• No change whatsoever.

  • Since restrictions were imposed, the number of daily flights has fallen by around 80%.

  • Some 60 flights a day now arrive at London Heathrow, compared to 600 a day before the pandemic.

  • But there's no policy capping passenger numbers.

  • Air Lingus has said there was unexpectedly high demand on the day those pictures were taken and that it's now urgently reviewing its procedures on board.

  • But others in the industry have warned that on a plane, social distancing is basically impossible.

  • I don't believe social distancing on aircraft actually works on.

  • There are two reasons for that, one of which is the obvious economic one, the second of which is around the air conditioning system was on airplanes, which rely in part on recycling air within the cabin.

  • That simply defeats the purpose of social distancing.

  • The BBC's also heard from one member of British Airways cabin crew who told us, Be a are also still operating some short haul flights at capacity.

  • And as these images from Paris to Madrid today show, other airlines are similarly flying with full cabins.

  • The International Air Transport Association's recommended safety measures, such as masks but says limiting passenger numbers would push up fares.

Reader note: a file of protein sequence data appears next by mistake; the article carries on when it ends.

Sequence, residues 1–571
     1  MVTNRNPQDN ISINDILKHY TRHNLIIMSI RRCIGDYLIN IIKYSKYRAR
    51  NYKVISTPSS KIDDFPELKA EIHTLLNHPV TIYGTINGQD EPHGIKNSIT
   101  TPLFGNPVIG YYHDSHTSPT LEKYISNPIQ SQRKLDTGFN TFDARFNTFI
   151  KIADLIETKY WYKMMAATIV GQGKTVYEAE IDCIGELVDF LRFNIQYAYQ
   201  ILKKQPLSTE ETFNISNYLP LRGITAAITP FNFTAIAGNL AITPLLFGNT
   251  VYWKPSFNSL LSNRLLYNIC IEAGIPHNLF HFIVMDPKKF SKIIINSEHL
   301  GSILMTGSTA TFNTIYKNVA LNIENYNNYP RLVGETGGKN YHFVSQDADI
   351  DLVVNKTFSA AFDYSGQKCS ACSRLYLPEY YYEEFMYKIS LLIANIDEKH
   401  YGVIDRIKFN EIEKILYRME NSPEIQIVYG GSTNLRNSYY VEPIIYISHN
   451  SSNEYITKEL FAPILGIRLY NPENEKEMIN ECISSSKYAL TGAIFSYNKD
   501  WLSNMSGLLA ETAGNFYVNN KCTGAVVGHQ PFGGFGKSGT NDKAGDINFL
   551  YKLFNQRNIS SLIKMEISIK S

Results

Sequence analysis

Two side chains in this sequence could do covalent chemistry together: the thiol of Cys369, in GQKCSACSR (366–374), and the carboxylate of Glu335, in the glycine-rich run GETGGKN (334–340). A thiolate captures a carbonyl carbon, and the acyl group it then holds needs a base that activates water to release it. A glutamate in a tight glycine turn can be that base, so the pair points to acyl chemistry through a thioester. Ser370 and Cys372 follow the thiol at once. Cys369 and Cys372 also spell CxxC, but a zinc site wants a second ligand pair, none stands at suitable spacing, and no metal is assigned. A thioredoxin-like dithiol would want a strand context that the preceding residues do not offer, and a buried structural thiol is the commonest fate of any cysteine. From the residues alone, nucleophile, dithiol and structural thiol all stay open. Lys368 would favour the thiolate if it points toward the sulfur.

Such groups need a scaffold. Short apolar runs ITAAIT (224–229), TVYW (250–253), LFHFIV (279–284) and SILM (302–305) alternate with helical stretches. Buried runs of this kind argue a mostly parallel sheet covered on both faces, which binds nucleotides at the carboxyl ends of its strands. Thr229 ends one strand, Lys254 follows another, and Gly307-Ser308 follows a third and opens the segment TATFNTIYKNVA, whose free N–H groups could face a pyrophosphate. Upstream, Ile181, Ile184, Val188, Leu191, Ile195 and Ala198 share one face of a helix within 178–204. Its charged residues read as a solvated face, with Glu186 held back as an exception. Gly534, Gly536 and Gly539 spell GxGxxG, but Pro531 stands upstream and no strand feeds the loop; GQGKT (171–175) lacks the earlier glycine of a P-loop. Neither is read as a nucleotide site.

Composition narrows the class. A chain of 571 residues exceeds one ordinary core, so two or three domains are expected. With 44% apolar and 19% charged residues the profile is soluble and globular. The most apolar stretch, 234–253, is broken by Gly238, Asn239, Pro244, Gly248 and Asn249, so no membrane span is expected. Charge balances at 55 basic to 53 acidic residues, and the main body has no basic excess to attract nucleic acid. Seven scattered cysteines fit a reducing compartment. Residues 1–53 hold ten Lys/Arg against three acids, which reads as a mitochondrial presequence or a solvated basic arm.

• Neutralising seats on an aircraft could have a Nen enormous negative impact and could lead to that increase up to 55% in fares.

  • Reviving the aviation industry will be important to the country's economic recovery, but the government said it must be done responsibly.

  • These are some of the big riel challenges that we've got to grapple with, but the safety of people has got to come first.

  • There's predictions Passenger numbers may not return to previous levels for several years and currently no standard approach for how to operate onboard.

  • Embody BBC News Belfast.

  • Now here's an interesting idea.

  • New Zealand's prime minister just send our turn joint Australia's cabinet meeting via video link.

  • Earlier, she made it clear that New Zealand will not have open borders with the rest of the world for a long time to come, In her words, but the idea they discussed what's what's being called a trans Tasman bubble?

  • The idea here is that people would be able to go between Australia and New Zealand freely and without quarantine here is the prime minister outlined in the plan, the whole poopers off us, discussing the possibility off having a bubble of sorts between us.

  • A safe zone of travel would be so that you wouldn't have to have a quarantine attached.

  • I think everyone would acknowledge that it would be prohibitive.

  • People just wouldn't travel if they had to stay on either side in quarantine for for a two week period and have to do the same again when you return.

  • There are lots of different elements tohave travels, being impacted all around the world.

  • And really, what we're seeing here is evidence of a much broader trend.

  • That the disruption from this virus is not just comprehensive.

who is pandemic, and the lockdowns that have followed were always going to take an incredible toll on the travel and tourism sector.

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B1 passenger pandemic travel social distancing aircraft distancing

Coronavirus: the impact on the Travel and Tourism industry - BBC News

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    林宜悉 posted on 2020/07/02